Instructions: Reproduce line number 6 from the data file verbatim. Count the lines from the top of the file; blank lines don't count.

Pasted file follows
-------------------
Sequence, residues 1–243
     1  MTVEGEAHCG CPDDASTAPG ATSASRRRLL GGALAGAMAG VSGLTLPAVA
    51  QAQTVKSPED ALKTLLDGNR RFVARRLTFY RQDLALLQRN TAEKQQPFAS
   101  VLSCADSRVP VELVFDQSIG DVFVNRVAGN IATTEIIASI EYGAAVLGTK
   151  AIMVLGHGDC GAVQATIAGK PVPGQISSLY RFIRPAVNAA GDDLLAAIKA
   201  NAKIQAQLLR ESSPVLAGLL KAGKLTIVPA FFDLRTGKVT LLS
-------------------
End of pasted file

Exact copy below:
   201  NAKIQAQLLR ESSPVLAGLL KAGKLTIVPA FFDLRTGKVT LLS